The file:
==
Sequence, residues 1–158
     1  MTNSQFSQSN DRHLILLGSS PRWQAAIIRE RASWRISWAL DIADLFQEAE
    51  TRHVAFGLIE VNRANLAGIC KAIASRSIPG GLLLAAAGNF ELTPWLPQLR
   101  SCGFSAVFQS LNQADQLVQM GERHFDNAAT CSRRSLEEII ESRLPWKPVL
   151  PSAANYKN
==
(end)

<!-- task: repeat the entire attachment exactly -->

Sequence, residues 1–158
     1  MTNSQFSQSN DRHLILLGSS PRWQAAIIRE RASWRISWAL DIADLFQEAE
    51  TRHVAFGLIE VNRANLAGIC KAIASRSIPG GLLLAAAGNF ELTPWLPQLR
   101  SCGFSAVFQS LNQADQLVQM GERHFDNAAT CSRRSLEEII ESRLPWKPVL
   151  PSAANYKN